REL 210C - Religion without a Book: Cult Practice in Ancient Greece and Rome (Also counts for a REL 230D requirement)
Prof. Lynn Roller
922 Sproul Hall
How do polytheistic religious systems address the challenges of communicating with a deity, maintaining justice and order, and explaining death and the afterlife without a set of spiritual texts to guide them? This seminar will consider how the cult rituals of ancient Greeks and Romans provided meaning and order to people’s lives. Topics include religion and civic life, mystery cults, and women and the household. The major emphasis will be on the ancient Mediterranean world, but the seminar welcomes anyone interested in exploring the shared characteristics of global religious traditions defined through actions, not words.
Open to graduate and advanced undergraduate students Questions? contact firstname.lastname@example.org
REL 230D - Breaking Bad: Rabbinic and Psychoanalytic Theories of the Pathology
Prof. Naomi Janowitz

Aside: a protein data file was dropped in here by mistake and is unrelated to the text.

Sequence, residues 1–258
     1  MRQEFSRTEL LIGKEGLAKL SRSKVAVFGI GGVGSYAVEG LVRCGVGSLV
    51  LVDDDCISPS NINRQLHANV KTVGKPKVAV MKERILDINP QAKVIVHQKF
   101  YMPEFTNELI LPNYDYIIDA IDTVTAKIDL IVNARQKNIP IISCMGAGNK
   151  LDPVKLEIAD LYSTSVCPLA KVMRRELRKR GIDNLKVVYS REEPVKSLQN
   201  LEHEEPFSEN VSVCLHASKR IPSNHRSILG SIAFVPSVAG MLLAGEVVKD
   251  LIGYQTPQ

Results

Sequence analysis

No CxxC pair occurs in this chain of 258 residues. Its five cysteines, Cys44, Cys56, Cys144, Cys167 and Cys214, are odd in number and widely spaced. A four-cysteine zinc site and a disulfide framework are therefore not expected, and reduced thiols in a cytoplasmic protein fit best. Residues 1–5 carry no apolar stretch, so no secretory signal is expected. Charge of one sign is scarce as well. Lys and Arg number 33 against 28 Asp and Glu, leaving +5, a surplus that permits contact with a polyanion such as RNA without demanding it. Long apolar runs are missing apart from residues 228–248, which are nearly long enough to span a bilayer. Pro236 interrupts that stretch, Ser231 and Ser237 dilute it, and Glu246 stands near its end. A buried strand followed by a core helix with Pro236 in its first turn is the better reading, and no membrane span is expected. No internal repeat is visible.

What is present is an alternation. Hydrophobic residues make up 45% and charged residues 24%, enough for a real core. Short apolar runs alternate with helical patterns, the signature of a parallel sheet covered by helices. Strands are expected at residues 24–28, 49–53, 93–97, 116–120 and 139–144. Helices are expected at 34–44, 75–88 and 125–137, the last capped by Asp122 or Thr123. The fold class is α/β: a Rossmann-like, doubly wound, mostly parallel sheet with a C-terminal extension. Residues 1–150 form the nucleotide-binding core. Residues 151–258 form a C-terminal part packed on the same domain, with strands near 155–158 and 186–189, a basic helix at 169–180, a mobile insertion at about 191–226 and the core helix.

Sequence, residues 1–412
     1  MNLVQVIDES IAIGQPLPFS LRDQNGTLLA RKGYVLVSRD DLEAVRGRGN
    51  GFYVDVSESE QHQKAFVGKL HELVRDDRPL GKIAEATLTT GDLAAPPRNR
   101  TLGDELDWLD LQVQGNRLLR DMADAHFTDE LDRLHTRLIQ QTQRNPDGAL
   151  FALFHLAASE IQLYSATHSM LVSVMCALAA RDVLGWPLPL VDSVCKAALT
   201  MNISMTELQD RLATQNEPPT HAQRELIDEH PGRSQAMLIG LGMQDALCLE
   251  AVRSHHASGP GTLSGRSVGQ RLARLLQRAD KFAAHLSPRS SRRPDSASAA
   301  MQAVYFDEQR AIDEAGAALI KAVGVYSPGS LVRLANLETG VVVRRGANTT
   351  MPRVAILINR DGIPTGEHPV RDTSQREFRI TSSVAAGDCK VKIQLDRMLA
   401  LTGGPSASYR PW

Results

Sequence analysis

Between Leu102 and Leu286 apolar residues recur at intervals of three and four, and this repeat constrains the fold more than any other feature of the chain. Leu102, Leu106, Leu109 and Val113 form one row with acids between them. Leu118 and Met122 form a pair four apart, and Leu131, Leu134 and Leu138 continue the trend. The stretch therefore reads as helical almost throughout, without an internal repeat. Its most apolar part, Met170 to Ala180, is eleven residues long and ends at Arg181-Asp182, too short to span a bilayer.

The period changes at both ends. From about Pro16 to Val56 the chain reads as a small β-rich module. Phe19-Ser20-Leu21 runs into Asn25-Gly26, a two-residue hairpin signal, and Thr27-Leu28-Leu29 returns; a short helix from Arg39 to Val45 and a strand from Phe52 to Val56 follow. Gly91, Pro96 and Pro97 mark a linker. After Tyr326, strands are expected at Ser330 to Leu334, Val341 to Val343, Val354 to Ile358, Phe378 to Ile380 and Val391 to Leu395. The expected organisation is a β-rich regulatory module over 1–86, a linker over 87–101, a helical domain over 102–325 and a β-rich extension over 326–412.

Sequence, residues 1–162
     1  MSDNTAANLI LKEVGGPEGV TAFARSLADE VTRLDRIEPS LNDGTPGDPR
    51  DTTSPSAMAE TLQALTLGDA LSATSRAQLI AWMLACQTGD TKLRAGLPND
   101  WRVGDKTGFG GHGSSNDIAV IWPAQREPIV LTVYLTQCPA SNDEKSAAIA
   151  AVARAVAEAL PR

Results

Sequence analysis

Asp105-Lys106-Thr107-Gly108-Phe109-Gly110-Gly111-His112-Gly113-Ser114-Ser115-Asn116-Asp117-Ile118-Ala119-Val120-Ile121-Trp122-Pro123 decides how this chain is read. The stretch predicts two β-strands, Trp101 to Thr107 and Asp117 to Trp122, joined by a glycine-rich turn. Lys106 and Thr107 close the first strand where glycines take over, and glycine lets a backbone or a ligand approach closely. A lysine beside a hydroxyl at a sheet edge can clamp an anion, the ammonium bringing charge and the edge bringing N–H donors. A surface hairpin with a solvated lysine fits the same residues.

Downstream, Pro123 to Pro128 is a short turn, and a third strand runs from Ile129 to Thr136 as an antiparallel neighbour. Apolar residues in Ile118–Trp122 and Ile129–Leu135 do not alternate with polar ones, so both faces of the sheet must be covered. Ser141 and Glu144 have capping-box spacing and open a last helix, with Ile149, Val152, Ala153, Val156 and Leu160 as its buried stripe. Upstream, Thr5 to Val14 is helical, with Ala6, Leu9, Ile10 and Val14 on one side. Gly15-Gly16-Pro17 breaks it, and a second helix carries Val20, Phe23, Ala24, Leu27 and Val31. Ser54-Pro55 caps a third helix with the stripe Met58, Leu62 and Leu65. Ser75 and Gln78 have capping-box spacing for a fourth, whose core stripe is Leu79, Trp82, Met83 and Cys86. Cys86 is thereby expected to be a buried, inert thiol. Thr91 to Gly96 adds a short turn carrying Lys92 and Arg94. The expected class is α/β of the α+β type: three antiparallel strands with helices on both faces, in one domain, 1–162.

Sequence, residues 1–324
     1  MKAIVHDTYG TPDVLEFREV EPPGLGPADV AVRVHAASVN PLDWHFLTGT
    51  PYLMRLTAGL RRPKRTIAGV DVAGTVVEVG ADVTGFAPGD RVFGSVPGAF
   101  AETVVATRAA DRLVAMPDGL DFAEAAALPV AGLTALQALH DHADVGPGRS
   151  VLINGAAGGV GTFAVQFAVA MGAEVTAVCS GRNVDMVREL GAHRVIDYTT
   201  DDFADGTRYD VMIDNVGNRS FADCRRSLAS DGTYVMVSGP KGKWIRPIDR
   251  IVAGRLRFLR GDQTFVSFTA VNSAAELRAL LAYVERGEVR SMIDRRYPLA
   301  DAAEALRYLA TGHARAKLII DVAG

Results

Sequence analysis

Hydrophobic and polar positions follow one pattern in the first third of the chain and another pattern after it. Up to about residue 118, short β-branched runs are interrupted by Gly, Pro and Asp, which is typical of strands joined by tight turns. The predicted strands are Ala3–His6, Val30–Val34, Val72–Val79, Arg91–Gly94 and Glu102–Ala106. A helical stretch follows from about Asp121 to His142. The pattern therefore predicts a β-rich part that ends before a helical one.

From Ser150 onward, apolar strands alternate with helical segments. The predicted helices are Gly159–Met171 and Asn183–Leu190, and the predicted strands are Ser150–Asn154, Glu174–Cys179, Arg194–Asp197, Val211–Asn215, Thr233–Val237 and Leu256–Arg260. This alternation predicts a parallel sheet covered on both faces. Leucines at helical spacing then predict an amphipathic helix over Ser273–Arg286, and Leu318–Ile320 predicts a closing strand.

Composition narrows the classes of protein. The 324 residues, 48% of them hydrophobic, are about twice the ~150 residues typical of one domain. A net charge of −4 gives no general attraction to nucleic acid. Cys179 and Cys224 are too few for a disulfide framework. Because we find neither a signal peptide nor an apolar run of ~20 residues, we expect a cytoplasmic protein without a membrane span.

144 Olson Hall
This course will examine the long shadows of rabbinic and psychoanalytic concepts of pathology especially as they continue to stimulate modern analysis of culture and behavior. Rabbinic notions of self and body present a stunning example of how religious discourse structures and classifies human behavior as problematic. Psychoanalytic theory offers another complex model, with fine-tuned ideas about the origins and purpose of pathological behavior. Two recent studies of rabbinic thought redefine the classic religious concepts of purity/impurity, self/body and fake/genuine. Both studies map the influence of this thought onto modern modes of thinking found in academic theory. Psychoanalytic concepts of pathology continue to assert a profound influence on theories of pathology/mental health.